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3 Behavioural Signs of Emotional Struggle in Your Child

Children present their internal struggles through behaviours and they are often our best sign to know if our child is struggling. In my practice I see patients who often present the same behavioural signs and there is an overwhelming need for parents to know how to help their child effectively.

In this blog post I will share how to pick up on the signs and what to do about them. Remember, each child is different so some of the signs may look similar 

  1. Severe Outbursts or Meltdowns: 

Children and teens may have an increase in their reactions and responses to you, their environment, and experiences. As they feel a lot on the inside, they don’t know what is going on, how to process it or verbalise what they are feeling. 

They are more on edge, sensitive, and can easily feel overwhelmed. This may be presented through anger outbursts, meltdowns of excessive crying, panic attacks, etc. 

What to do?

Understand the core reason for WHY this is happening! I always ask parents; to look for triggers and patterns. 

To be validating and patient that these behaviours have a deeper meaning to them and it is not them being naughty or rude. We need to give space to feel, check in with how they are feeling and ask deeper questions around what is happening in their internal worlds, to think of any changes that have happened (even the smallest ones), and spend one on one time. 

2. Defiance and Resistance: 

Many times because of your child’s emotional struggle they need a sense of control. Hence, we often see defiance happening when you decide something, say “no”, put a boundary, etc. During this, specifically older children and teens, tend to be more argumentative. They want to decide and stand their ground. They are often resistant to getting close, opening up, accepting help from you or a professional and are uncooperative.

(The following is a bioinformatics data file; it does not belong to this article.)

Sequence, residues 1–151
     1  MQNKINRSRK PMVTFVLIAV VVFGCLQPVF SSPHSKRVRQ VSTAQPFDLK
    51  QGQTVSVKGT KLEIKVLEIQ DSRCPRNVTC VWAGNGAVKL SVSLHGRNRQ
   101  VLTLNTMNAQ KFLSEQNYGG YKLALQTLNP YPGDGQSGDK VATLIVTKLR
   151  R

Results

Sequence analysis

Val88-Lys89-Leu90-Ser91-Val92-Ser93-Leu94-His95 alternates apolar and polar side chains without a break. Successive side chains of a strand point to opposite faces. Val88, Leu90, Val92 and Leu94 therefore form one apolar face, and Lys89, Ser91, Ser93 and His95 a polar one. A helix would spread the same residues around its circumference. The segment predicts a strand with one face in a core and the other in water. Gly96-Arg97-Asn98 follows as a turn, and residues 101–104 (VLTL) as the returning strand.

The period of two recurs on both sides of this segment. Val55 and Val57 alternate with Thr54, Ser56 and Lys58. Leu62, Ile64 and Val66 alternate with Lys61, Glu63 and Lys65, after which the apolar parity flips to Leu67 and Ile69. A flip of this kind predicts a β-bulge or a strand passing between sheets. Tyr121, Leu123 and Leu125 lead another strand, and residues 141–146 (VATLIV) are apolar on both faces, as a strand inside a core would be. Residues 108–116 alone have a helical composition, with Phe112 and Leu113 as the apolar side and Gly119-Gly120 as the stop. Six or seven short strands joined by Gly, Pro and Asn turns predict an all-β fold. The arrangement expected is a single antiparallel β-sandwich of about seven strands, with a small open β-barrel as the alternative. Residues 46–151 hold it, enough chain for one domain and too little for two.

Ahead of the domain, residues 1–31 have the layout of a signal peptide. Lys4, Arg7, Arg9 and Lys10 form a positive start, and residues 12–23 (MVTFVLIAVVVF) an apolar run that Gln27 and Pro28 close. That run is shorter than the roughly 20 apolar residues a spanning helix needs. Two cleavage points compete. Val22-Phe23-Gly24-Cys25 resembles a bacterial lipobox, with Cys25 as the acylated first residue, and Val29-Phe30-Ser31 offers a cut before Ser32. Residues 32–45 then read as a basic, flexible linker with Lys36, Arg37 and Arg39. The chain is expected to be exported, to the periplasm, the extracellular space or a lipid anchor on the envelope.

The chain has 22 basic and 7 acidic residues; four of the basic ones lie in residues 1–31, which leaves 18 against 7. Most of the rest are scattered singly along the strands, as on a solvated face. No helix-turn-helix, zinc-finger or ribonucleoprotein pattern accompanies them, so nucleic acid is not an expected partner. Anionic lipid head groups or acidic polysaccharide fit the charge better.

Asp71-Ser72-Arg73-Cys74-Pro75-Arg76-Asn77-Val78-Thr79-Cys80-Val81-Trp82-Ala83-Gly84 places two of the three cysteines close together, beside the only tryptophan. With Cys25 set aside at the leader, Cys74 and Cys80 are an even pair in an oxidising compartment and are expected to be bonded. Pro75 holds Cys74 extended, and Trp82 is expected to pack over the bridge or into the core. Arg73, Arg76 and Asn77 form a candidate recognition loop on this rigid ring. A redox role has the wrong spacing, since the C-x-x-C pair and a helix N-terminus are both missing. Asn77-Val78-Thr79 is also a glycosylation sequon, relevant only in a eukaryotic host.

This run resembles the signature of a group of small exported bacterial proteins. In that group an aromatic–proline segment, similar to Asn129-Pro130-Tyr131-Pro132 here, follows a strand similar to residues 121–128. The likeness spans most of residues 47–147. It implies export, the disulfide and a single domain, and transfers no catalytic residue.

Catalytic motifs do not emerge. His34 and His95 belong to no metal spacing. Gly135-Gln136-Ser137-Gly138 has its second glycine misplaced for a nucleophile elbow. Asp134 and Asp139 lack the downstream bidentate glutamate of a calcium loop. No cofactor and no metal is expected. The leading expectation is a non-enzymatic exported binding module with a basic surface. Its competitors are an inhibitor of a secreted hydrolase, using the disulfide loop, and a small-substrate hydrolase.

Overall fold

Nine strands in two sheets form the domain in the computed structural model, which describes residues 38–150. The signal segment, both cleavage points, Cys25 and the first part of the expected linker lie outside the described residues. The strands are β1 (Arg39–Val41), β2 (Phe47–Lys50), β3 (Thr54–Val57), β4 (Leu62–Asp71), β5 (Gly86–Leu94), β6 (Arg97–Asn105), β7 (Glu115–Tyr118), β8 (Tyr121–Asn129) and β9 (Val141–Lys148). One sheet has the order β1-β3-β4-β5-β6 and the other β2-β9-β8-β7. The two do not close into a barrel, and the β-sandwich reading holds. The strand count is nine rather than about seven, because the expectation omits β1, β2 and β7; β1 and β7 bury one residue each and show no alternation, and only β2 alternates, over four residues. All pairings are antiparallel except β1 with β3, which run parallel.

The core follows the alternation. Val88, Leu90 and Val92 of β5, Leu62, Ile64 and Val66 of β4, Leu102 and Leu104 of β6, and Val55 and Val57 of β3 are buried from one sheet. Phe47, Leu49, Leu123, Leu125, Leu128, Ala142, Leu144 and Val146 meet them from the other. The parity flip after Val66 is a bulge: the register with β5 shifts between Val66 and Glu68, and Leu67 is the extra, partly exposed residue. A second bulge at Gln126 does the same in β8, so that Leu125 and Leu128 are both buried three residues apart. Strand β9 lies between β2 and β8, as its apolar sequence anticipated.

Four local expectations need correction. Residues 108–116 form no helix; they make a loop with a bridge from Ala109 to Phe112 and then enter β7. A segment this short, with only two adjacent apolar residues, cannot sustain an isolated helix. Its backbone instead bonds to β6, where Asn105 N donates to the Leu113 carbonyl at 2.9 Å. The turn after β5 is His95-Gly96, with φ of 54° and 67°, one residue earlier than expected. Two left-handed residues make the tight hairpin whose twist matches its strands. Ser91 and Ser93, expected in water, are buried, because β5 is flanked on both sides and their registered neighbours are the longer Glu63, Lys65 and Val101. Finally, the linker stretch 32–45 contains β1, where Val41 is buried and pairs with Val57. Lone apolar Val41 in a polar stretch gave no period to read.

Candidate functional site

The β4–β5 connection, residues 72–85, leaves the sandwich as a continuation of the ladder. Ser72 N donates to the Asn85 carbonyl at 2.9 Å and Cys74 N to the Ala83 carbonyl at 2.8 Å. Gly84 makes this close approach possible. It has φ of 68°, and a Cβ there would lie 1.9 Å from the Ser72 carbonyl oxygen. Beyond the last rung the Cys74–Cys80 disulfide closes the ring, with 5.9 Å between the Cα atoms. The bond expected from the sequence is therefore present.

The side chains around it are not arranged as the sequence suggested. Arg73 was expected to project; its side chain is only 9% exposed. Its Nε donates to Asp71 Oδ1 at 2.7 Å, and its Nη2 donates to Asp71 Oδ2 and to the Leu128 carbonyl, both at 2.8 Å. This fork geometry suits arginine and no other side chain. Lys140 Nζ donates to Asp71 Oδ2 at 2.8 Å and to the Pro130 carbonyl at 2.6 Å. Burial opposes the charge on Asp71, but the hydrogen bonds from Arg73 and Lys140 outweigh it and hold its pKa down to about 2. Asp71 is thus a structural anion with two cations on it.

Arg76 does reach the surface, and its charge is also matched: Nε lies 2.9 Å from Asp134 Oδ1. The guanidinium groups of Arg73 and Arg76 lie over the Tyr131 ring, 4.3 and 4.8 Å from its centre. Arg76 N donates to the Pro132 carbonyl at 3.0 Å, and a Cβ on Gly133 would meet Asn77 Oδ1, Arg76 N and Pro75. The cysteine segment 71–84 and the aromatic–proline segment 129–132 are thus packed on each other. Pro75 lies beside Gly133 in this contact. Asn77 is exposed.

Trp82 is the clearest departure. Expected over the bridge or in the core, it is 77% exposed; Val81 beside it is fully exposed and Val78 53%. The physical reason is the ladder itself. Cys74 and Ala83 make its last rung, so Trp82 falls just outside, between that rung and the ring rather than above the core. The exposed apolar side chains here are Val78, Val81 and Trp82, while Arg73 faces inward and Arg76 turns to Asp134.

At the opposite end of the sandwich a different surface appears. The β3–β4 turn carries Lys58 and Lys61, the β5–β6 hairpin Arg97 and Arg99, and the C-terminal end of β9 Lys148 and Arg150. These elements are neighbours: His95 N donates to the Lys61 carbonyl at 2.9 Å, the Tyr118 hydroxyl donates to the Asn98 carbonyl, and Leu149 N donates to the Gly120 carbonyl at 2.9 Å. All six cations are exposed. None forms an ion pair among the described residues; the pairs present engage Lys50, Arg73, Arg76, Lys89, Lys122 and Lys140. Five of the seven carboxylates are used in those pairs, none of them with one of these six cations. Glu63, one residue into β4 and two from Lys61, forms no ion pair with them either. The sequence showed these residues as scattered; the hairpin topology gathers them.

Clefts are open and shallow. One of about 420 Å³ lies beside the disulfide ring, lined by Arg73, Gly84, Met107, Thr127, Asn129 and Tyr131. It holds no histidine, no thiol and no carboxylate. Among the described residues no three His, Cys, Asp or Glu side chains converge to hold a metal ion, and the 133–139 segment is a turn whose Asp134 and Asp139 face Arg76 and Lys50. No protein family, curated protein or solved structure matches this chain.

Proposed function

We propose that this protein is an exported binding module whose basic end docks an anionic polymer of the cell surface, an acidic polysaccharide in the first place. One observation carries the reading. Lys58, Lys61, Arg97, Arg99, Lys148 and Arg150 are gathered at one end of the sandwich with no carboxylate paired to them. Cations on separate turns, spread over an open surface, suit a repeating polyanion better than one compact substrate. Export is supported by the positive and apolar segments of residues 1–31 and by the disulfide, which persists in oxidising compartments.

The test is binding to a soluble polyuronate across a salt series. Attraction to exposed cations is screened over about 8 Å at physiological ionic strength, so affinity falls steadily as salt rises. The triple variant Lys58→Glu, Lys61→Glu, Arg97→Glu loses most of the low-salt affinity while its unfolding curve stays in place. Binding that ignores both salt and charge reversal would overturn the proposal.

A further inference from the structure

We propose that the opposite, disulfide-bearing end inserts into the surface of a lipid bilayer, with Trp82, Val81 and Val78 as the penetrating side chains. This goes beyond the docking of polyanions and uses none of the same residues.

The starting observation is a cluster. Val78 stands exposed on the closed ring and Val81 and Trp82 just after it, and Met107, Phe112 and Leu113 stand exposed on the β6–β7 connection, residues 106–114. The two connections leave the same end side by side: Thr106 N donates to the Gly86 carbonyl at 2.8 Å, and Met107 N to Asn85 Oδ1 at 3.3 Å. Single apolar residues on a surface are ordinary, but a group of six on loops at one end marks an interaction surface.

Your child will often make excuses for why they don’t want to go to school or an activity - I see child patients use a physical symptom as an excuse. 

What to do?

Give space when they need, give two options for defiance, give space to their opinion and they are our best clue to know how to help them and trust that. Perhaps they do need a mental health day from school and that is okay! Be intrigued by “what” and “why” they don’t want to go. 

3. Change in Habits

It’s often presented in small things. Your child may show change in their eating habits (either more, less, or a tendency to be in control of it), change in their motivation at school (change in marks, study habits, etc), isolation with friends (don’t want to see them, interact less, staying home and in their rooms more), change in clothing, etc. 

What to do?

Take note of your child’s behavioural and habit patterns - this is key to notice consistency. Be aware of any small or big change and keep track. Be intrigued, reassure, and ask deeper questions around their behaviours without judgement or a big reaction. 

Most importantly, take everything they say and express seriously. We need to trust our children that they know what they are feeling. Hear what they have to say, always offer to help, and acknowledge and validate their emotions and challenges.  

In my practice, I work closely with parents to guide and give an understanding about their child’s emotional struggle. Continuous communication, support, and feedback is given to both patients and parents to ensure effective support and treatment. We focus on long term wellbeing. 

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